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  1. Sudan suspends flights from main airport

    Civil aviation authorities in Sudan have suspended flights to and from the main airport in the capital, Khartoum.

    Flight activities will be suspended until Saturday, a statement posted on Facebook said.

    Anti-coup protesters took to the streets on Tuesday, a day after deadly clashes.

    Earlier in the day coup leader Gen Abdel Fattah al-Burhan said the military seized power on Monday to prevent "civil war".

    He added that the deposed Prime Minister Abdalla Hamdok was being kept at the general's house "for his own safety" and would be allowed home soon.

  2. Video content

    Video caption: Manchester Arena bombing: Exclusive images of extradition of Hashem Abedi

    Watch as Hashem Abedi, the brother of the Manchester Arena bomber, is sent to Britain to stand trial.

  3. Ghana MPs to debate anti-LGBTQ bill

    Thomas Naadi

    BBC News, Accra

    Members of parliament in Ghana
    Image caption: The first reading of the bill took place in August

    MPs in Ghana are set to debate a draft bill which seeks to introduce some of the harshest laws in Africa against lesbian, gay, bisexual, and transgender people.

    UN human rights experts have warned it could establish a system of state-sponsored discrimination and violence.

    The bill named "Promotion of Proper Human Sexual Rights and Ghanaian Family Values" would see LGBTQ Ghanaians face prison or be coerced into so-called "conversion therapy", a widely-discredited practice debunked by much of the international medical and psychiatric communities.

    If passed, advocates of the LGBTQ community would face up to a decade in prison, public displays of same-sex affection or cross dressing could lead to a fine or detention and certain types of medical support would be made illegal.

    The new law would also make the distribution of material deemed pro-LGBTQ by news organisations or websites illegal.

    It would also encourage Ghanaians to turn over those they suspect of being from the LGBTQ community.

  4. Ethiopia escalates air strikes in Mekelle

    Kalkidan Yibeltal

    BBC News, Addis Ababa

    Ethiopian air force has conducted a fresh round of bombing in Mekelle, the main city of the northern Tigray region.

    In a statement, the government’s communications office said Tuesday's offensive targeted a rebels' training camp in the outskirts of the city.

    Tigray Television, controlled by rebel forces, has confirmed the air raids but did respond to the government's claims of targeting training facilities.

    Last week the air force carried out strikes in the city as well as other areas in the western and northern Tigray.

    Rebel forces accuse the government of targeting and killing civilians in the air raids because it was losing ground battles.

    But the authorities in Addis Ababa say the air raids are directed at rebel targets.

    On 4 November the Horn of Africa nation will mark a year since fighting broke out between federal forces and fighters loyal to Tigray People's Liberation Front.

    Thousands have been killed, many more face famine conditions and millions have been displaced.

    More on the Tigray crisis:

  5. Ousted Sudan PM 'living in' coup leader's house

    BBC World Service

    Abdalla Hamdok
    Image caption: Mr Hamdock has not been seen since Sunday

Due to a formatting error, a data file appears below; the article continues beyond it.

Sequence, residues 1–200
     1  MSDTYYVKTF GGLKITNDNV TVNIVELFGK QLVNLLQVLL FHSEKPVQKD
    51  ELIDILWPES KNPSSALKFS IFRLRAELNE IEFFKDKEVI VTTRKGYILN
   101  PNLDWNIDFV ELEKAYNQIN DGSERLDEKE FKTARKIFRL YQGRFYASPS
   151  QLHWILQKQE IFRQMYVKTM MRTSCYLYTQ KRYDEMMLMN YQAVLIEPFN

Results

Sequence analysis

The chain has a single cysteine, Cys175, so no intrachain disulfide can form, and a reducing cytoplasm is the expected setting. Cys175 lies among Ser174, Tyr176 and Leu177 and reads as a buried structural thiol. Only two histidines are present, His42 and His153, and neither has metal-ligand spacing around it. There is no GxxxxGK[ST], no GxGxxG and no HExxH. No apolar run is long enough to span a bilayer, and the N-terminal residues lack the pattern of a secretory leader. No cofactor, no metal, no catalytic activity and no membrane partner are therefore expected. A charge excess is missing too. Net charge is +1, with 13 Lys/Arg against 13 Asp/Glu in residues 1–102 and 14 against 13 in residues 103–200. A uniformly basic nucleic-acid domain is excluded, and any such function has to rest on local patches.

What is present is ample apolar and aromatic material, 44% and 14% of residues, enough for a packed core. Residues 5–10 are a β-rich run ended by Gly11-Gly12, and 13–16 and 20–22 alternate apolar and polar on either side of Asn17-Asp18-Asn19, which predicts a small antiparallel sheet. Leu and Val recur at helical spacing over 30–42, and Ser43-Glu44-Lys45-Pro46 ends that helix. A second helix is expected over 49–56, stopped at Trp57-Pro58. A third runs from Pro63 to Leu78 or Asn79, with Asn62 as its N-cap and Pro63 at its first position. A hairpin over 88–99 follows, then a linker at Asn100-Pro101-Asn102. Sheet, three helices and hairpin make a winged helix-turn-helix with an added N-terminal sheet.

Sudan's most senior general says the military seized power on Monday in order to avoid a civil war.

    Gen Abdel Fattah al-Burhan said political groups had been inciting civilians against the security forces.

    He said he'd been keeping the deposed civilian Prime Minister, Abdalla Hamdok, in his house "for his safety" but that he would return to his own home on Tuesday.

    Protests are continuing for a second day in the capital, Khartoum, with many roads, bridges and shops closed.

    Phone and internet links have been severely disrupted. At least ten people are reported to have been killed since the unrest began.

  6. Court rejects Zuma's push to dismiss prosecutor

    Pumza Fihlani

    BBC News, Johannesburg

    Jacob Zuma
    Image caption: Mr Zuma claimed that he wouldn't get a fair trail if the prosecutor was not dismissed

    A high court in South Africa has dismissed an application by former president Jacob Zuma to have a lead prosecutor removed from this corruption and racketeering trial.

    In his application Mr Zuma had accused Billy Downer of being biased against him and leaking his private medical records to the media – claims that were not proven.

    The former president has avoided prosecution for almost two decades over charges of allegedly receiving kickbacks from French arms company Thales relating to a $2bn (£1.4bn) weapons contract. Both Mr Zuma and Thales have denied the charges.

    In the Pietermaritzburg High Court, Judge Piet Koen found that there was no basis to claims made by Mr Zuma that he would not have a fair trial unless Mr Downer was removed.

    He also dismissed the argument that Mr Downer did not have the title to prosecute - saying he was constitutionally mandated to lead prosecutions in South Africa.

    The judge lamented the numerous delays to the trial, saying that in the interests of justice the matter should be heard as soon as possible.

    Mr Zuma’s legal team has said it intends to appeal against the latest ruling in a higher court.

  7. Suicide bomber behind Uganda bus attack

    Ugandan police officers investigate at a crime scene following an explosion on a bus, at least one person died and several were wounded
    Image caption: At least one person died and several others were wounded in the explosion

    The authorities in Uganda say a suicide bomber was behind an explosion on a bus in the capital, Kampala, on Monday.

    "The attacker died in the explosion," police spokesman Fred Enanga said on Tuesday.

    He added that the attacker was "on a wanted list" and was a member of the Islamist militant group Allied Democratic Forces (ADF), which operates from neighbouring Democratic Republic of Congo.

    Several passengers were injured in Monday's blast.

    On Saturday another blast in a restaurant in Kampala killed one person and injured three others.

    The police said Saturday's blast was caused by an explosive device containing nails and pieces of metal, covered by a plastic bag.

    Mr Enanga said investigators had established "a high connectivity" between the two attacks.

    "There are individuals or groups of individuals preparing these IED [improvised explosive devices] who (belong to) the same group of attackers," Mr Enanga said.

  8. Eighteen worshippers killed in Nigeria mosque attack

    Chris Ewokor

    BBC News, Abuja